Until your firm submits a 510(k) and receives notice from the FDA, Center for Devices and Radiological Health clearing the device for commercial distribution, the Belmont Dialysis UltraPure Water Treatment System for Hemodialysis containing a Pretreatment pH Adjustment System (Citric Acid Feed System) is adulterated under the Act because you did not obtain premarket approval based on information developed by your firm that shows that the device is safe and effective.
During the FDA inspection our Investigator also collected information that revealed serious regulatory problems involving the Water Treatment Systems for Hemodialysis which are manufactured and distributed by your firm. As stated previously, under the Federal Food, Drug, and Cosmetic Act (the Act) these products are considered to be medical devices. The law requires that manufacturers of medical devices conform with the requirements of the Quality System Regulation (QSR) as specified in Title 21, Code of Federal Regulations (CFR), Part 820.
The inspection revealed that your firm?s devices are adulterated within the meaning of Section 501(h) of the Act, in that the methods used in, or the facilities or controls used for the manufacture, processing, packing, storage or distribution are not in conformance with the requirements of the Quality System Regulation as follows:
-Failure to validate processes where the results of the processes cannot be fully verified by subsequent inspection and test. For example, the regeneration process for the resin that is placed in the deionize tanks and the process of cleaning the resin regeneration system with chlorine have not been validated.
-Failure to document, review, approve, and validate changes to product design. The Pretreatment pH Adjustment System (Citric Acid Feed System) was a design change that was made to your firm?s Belmont Dialysis UltraPure Water Treatment System for Hemodialysis and the verification/validation of the design changes were not documented. In addition, no Design History File was established and no design inputs and design outputs were established for the design change.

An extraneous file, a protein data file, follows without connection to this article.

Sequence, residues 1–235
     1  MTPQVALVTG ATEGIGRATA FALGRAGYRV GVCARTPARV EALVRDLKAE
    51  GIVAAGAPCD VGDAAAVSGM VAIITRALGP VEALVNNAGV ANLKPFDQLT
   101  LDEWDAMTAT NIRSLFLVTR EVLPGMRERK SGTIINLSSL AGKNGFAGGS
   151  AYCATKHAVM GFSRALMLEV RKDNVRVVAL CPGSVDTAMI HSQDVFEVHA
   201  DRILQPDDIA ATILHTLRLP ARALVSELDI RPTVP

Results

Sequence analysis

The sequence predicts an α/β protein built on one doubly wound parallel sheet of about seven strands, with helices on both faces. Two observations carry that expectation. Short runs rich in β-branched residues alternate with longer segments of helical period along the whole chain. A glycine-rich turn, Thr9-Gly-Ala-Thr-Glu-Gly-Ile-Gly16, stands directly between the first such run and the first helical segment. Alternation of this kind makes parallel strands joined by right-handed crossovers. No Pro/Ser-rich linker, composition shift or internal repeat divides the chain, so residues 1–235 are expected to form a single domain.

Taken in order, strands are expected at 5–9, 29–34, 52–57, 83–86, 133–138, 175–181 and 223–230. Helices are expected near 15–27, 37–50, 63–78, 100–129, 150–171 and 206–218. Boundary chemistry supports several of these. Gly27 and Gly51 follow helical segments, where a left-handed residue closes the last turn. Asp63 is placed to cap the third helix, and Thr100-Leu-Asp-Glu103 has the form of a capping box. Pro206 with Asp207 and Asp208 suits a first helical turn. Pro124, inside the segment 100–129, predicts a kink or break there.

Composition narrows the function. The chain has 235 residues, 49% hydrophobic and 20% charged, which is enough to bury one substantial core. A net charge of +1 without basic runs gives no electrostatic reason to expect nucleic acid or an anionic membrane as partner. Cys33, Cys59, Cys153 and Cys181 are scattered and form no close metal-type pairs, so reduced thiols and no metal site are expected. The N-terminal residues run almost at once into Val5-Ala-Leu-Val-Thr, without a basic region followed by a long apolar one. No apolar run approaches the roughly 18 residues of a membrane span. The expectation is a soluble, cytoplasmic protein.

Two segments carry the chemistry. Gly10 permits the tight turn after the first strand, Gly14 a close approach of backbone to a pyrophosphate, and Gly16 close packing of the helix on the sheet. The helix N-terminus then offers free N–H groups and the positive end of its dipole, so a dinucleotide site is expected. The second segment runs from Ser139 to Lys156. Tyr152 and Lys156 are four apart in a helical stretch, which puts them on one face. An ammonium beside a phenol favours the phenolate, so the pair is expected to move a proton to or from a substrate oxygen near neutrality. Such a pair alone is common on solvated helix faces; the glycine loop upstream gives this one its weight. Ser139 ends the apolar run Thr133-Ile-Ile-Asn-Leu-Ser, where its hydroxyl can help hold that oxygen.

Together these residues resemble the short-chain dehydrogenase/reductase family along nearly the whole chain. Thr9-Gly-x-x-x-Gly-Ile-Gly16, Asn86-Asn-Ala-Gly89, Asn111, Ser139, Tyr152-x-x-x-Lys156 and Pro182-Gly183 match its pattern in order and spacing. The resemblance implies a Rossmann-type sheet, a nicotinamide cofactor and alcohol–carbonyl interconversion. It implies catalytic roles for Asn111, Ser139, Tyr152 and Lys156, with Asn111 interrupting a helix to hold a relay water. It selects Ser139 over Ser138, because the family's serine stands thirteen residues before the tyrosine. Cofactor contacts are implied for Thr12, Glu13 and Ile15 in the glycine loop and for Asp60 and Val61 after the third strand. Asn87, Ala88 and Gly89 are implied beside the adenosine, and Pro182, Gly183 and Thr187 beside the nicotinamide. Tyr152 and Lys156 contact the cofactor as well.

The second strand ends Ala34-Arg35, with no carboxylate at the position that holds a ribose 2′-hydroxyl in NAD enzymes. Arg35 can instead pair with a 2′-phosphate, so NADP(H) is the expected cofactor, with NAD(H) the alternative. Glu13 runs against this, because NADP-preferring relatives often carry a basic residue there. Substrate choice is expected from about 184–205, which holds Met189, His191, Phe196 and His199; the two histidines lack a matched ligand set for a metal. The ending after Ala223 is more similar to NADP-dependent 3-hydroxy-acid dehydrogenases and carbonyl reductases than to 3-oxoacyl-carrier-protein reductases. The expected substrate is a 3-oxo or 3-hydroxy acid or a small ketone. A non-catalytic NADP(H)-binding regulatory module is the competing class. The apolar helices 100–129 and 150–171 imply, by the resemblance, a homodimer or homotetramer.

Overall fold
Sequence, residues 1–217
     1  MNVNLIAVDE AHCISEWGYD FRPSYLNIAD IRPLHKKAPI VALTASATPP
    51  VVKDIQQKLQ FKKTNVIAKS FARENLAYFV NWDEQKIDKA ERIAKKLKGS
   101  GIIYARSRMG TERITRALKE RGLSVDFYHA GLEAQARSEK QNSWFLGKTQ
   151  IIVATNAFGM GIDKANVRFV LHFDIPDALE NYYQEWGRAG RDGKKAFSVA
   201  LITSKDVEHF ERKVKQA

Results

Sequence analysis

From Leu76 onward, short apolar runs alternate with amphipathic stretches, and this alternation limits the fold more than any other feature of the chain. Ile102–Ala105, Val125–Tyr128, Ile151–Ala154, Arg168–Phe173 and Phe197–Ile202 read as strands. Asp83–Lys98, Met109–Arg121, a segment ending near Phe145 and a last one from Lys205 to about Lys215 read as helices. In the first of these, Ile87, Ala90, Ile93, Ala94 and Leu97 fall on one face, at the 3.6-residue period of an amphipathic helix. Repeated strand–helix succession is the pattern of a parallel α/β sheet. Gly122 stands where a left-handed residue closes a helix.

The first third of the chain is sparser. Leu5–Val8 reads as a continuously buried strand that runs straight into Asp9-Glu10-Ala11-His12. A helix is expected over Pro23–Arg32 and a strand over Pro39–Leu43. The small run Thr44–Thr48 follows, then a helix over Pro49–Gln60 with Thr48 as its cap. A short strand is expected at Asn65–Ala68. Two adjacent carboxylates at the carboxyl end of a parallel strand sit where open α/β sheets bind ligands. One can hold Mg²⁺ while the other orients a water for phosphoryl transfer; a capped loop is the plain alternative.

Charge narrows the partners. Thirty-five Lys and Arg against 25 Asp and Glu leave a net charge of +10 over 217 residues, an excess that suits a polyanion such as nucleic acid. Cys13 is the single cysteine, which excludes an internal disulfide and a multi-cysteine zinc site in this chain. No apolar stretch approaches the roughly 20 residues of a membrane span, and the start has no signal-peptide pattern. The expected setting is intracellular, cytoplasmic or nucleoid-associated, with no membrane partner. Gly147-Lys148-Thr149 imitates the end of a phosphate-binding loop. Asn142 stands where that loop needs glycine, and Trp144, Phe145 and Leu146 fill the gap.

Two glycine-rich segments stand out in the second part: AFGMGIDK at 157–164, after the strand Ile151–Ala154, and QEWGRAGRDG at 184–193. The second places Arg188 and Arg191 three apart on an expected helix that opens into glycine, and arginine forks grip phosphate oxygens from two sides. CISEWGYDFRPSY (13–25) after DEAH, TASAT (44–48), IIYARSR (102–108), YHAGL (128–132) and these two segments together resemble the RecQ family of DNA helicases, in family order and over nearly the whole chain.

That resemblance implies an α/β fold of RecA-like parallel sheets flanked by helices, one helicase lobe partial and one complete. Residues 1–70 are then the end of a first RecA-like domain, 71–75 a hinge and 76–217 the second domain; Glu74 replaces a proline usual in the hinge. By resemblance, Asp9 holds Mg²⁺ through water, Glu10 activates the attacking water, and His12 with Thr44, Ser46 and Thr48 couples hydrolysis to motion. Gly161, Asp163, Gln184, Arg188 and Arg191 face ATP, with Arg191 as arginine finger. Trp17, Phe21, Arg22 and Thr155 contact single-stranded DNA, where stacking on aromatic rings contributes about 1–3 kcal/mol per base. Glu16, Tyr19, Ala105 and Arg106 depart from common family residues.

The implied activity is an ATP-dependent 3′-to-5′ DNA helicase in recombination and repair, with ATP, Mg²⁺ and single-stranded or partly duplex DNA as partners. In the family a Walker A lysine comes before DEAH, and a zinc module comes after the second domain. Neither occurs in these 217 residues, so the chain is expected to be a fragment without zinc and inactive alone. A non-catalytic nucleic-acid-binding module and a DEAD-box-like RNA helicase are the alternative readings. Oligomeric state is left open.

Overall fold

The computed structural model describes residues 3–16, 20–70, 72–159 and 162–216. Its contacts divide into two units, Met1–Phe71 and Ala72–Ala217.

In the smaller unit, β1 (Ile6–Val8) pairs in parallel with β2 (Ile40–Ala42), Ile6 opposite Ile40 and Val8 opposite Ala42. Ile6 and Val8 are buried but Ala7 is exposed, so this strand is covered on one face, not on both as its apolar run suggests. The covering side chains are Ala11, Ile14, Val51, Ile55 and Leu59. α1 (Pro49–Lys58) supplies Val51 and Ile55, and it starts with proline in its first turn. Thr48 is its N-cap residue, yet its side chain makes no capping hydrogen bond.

-Failure to establish and maintain adequate production and process control procedures to ensure that your devices conform to specifications. Then deioinize tanks regenerated by your firm are not always filled to the required capacity of [redacted] %. Of seven device history records examined by the FDA Investigator for tanks that were capacity tested, six of the batches tested were under [redacted]%.
In addition, your firm did not perform the capacity test on all batches of tanks that were supposed to be tested (20% of the batches i.e., all batches ending in 0 and 5). The FDA Investigator determined that of fifty-two Device History Records reviewed, eight batches of deionize tanks regenerated by your firm did not have the capacity tested.
Also, for the cation and anion regeneration process there are no upper and lower limits established for the acid and caustic flow rates. Although there are set points established, the readings for the flow rates fluctuate throughout the process. No upper or lower limit specifications have been established.
The resin regeneration system is required to be sanitized every fourteen days. Your firm?s system had not been sanitized since 8/27/01 (approximately four months).
-Failure to establish and maintain adequate procedures for implementing corrective and
preventive actions. There had been a total of fourteen reports of nonconforming products